UK government forced to publish briefing that suggests production will fall by up to 16%
A UK government economic analysis of the impact of leaving the EU indicates that chemicals will be the industry hit hardest by Brexit. The cross-Whitehall briefing, originally produced in January 2018, explores three trade scenarios, each with overall adverse effects on UK–Europe trade that are greater than any trade benefits gained elsewhere.
The analysis ranks the pharmaceutical and chemical industries as the first and third most dependent in the UK on trade with the EU, respectively. Consequently in the worst ‘no deal’ scenario, the gross value added (GVA) – a figure that reflects production within a country – from chemicals falls by 16%, compared with current levels. Even the best case scenario sees a 3% decline. While the analysis does not model the pharmaceutical industry specifically, GVA for ‘other manufacturing’ declines 8% in the worst case trade scenario and 1% in the best case.
The chemical and pharmaceutical industries face particular problems in conforming with EU regulations, explains Peter Newport, chief executive of the UK’s Chemical Business Association (CBA). The UK must have ‘full regulatory compliance’ with the Reach safety regulation covering registration of individual chemical substances as well as classification, labelling and packaging and biocidal products regulations.
Currently, European agencies are determined that ‘all existing registrations end’ on Brexit, Newport says. In a speech at the Lord Mayor of London’s Mansion House in March 2018 Prime Minister Theresa May said she sought a more favourable agreement. She committed the government to explore the terms on which the UK could remain part of these agencies as associate members. While the CBA has welcomed this, Newport also wants greater certainty.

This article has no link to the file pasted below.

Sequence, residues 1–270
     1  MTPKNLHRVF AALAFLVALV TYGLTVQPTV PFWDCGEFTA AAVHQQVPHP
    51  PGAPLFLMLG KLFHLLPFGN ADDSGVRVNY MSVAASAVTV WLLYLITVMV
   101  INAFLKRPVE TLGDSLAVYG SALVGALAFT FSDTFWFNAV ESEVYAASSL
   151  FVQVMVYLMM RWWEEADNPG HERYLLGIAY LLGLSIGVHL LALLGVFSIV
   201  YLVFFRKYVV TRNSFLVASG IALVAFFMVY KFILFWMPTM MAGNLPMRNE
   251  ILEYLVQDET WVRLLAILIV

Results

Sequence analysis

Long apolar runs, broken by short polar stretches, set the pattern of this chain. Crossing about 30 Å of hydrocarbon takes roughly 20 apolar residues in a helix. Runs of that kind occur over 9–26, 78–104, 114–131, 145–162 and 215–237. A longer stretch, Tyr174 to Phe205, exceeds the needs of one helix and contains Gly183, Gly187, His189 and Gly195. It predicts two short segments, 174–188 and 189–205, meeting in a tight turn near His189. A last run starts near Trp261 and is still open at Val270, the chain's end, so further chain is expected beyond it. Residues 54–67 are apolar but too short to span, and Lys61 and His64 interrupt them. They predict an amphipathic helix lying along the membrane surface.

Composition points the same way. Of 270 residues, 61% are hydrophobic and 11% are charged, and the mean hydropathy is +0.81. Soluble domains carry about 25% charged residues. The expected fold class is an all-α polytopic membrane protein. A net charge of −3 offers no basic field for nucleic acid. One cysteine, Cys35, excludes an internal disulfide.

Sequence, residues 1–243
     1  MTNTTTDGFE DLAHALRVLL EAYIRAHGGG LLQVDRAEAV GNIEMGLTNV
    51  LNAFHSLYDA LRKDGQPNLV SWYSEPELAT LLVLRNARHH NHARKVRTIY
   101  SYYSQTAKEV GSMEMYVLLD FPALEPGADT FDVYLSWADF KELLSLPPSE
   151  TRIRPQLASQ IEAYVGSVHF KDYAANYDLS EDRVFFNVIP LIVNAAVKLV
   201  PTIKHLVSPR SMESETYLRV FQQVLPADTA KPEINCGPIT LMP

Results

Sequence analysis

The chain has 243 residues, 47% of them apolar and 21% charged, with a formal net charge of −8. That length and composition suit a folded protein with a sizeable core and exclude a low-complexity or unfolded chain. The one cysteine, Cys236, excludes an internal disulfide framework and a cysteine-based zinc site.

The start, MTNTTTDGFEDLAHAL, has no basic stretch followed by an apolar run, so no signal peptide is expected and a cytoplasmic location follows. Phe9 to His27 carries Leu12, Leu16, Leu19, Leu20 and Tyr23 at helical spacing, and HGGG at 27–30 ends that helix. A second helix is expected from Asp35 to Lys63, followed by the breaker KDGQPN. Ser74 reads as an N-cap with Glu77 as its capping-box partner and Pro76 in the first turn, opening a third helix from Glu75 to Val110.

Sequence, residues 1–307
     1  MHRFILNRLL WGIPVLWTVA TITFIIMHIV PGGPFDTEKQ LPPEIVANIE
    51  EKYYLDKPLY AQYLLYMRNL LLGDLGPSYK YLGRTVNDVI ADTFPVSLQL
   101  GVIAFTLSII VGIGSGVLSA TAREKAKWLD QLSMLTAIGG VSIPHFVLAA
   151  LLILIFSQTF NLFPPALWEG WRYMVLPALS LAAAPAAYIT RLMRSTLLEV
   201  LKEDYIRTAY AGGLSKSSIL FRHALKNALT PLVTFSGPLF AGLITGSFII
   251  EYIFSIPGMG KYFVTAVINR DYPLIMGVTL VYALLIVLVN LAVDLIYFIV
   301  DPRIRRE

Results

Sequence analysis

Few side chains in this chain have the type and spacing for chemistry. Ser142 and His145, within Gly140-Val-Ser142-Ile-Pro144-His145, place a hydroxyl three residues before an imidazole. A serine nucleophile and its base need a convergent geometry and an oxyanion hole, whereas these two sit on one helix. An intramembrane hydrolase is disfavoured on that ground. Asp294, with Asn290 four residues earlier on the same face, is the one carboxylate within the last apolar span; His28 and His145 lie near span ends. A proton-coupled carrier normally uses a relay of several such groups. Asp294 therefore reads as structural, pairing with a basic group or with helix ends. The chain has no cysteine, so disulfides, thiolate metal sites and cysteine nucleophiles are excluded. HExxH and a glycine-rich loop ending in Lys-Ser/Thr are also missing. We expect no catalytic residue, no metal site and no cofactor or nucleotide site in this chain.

That sentiment is echoed by Steve Elliott, chief executive of the UK’s Chemical Industries Association, which represents both the chemical and pharmaceutical industry. ‘What we now need is the negotiators to get on with negotiating,’ he says. ‘Only when that progresses will we know what’s really going to happen.’
Out of Reach?
Reach, in particular, is a trade barrier for companies outside the EU, which need either EU-based importers or appointed ‘only representatives’ (ORs) to register their products. ‘20% of chemicals were registered by UK companies,’ Newport explains. But now CBA members are setting up operations in other countries to ensure continued access to the market, he says, and are considering moving more functions overseas.
The previously ‘secret’ economic analysis document has been released following a judicial review brought by the Good Law Project and Green Party MEP Molly Scott Cato. The first scenario includes a high level of access to EU markets, following the model of the European Economic Area (EEA) covering Iceland, Liechtenstein, and Norway. This scenario would see the least financial impact. However, because it needs UK agreement to continued labour mobility, the government has already ruled it out.
The second scenario is a free-trade agreement (FTA), similar to that recently agreed between Canada and the EU. The final scenario is where the UK and EU fail to reach a deal, and fall back on World Trade Organization (WTO) rules. Based on Theresa May’s comments in a speech in Florence, Italy, in October 2017, the UK is hoping for a bespoke trade deal somewhere between the EEA and FTA scenarios.
The government economists compare each scenario to a baseline of 25% growth in UK gross democratic product over the next 15 years. In the EEA scenario, that’s reduced by 1.6% overall; In the FTA scenario it’s reduced by 4.8%; in the WTO scenario it’s reduced by 7.7%. The figures include barriers to trade, including and excluding tariffs, and economic benefits such as new trade deals with other countries.